Finally, there is a lack of reproducibility — the ability to replicate previously reported findings. It’s essential for what makes science a self-correcting enterprise. In the recent Nature comment, NIH director Collins writes that the “complex system for ensuring the reproducibility of biomedical research is failing and is in need of restructuring.” The ability to reproduce published data can determine whether an experimental compound has a future — whether a company will spend big money developing it. These high stakes have prompted pharmaceutical researchers to take a hard look at the published data on potential drug targets. They asked a simple question: Is it trustworthy?
Bayer HealthCare scientists analyzed in-house target validation projects in oncology, women’s health and cardiovascular disease. In a 2011 comment in Nature Reviews Drug Discovery, they reported that the company’s validation teams failed to replicate published data about three-quarters of the time. A similar effort by Amgen scientists also yielded dismal results. Hematology and oncology researchers combed the literature for 53 “landmark” papers and found their findings confirmed in only six cases, they reported in Nature in 2012.
Why such difficulty? Some would say science is inherently challenging. It’s an endeavor in which failures are frequent and successes incremental. Others blame misdirected incentives. “There isn’t a culture for replication. The drive is entirely toward innovation,” says Brian Nosek, PhD, a social psychologist at the University of Virginia in Charlottesville. “We are incentivized to make our research look more beautiful than it actually is. As a consequence, the published literature is a skewed representation of reality.”
Plus there’s job competition. Researchers advance their careers by publishing papers. “Whether they’re right or wrong has little consequence, especially in the short term of getting jobs and tenure,” Nosek says. “‘I want to get it right, but I need to survive.’ We’re faced with these sorts of decisions.”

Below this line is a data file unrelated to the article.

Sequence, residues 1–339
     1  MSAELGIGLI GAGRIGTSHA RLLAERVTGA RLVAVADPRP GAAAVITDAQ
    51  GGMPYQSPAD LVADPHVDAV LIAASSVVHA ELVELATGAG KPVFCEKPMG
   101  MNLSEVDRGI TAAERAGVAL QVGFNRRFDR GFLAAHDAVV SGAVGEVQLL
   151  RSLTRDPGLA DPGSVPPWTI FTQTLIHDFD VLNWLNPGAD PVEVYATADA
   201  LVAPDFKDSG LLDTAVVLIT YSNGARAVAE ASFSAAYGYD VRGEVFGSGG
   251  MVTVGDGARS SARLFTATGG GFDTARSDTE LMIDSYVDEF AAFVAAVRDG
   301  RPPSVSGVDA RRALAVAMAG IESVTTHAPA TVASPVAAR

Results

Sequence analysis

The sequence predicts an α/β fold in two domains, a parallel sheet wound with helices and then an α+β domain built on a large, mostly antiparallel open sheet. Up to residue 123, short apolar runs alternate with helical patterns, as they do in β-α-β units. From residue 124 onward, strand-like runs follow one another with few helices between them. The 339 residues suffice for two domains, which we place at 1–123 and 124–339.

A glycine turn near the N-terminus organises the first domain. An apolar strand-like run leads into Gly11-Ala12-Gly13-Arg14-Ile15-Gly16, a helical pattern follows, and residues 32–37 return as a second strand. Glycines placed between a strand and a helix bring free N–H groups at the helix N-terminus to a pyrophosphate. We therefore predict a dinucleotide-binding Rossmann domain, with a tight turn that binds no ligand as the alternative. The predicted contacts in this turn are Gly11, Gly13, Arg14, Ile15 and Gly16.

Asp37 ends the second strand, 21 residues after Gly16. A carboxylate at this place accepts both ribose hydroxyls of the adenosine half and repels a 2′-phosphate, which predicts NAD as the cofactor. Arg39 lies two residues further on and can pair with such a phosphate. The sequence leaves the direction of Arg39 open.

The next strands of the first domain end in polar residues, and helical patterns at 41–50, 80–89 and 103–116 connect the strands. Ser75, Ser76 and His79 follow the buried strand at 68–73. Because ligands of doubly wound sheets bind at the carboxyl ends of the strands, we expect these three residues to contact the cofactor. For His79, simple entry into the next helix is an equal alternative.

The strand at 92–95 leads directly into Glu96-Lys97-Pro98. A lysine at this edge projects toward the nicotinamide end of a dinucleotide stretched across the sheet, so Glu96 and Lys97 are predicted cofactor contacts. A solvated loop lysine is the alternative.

In early 2013, Nosek and one of his graduate students, Jeff Spies, founded the Center for Open Science — a nonprofit tech startup that aims to align scientific practices with scientific values. Headquartered a few miles from the University of Virginia, the center builds open-source tools to improve scientific workflow; works with publishers and societies to develop incentives that encourage transparency; and, along with Stanford’s METRICS, supports meta-science. This includes “reproducibility projects” — large collaborative efforts in which individual studies are crowdsourced for replication by individual research teams. One reproducibility project was launched in psychology in late 2011, another in cancer biology six months ago, and future projects in neurodegeneration and ecology are in the works, Nosek says.
Because cancer biology studies are costly, Science Exchange, a network of verified research labs that run experiments on a fee-for-service basis, is conducting the replications. “Researchers can go online to find an expert to do an experiment for them,” says Elizabeth Iorns, PhD, who founded the Palo Alto, Calif.-based company in 2011. “It is a marketplace. You can search the database for whoever offers your experimental need and order it from them.”
From initiatives that improve the quality of animal work to new policies promoting transparency and reproducibility, meta-science is slowly but surely coming of age. As for where to start and what to prioritize, “I feel a little bit like a child in a candy shop,” says Ioannidis, who receives more than 1,000 invitations each year to lecture on his meta-research. The good thing is that “many are sensitized to these issues — people who can push for transformation that could improve very different fields,” he says. METRICS plans to organize a conference in late 2015 for meta-researchers in biomedicine, as well as those who study the research process in other fields.
“There’s a lot of parallel activity going on and a lot to be learned from things that physicists and social scientists are doing, for instance,” says Goodman. “And they have a lot to learn from what’s going on in biomedicine. That’s part of the beauty of the center. We can reach across these boundaries and see what everybody’s doing and inform each other. The issues are not unique to biomedical science.”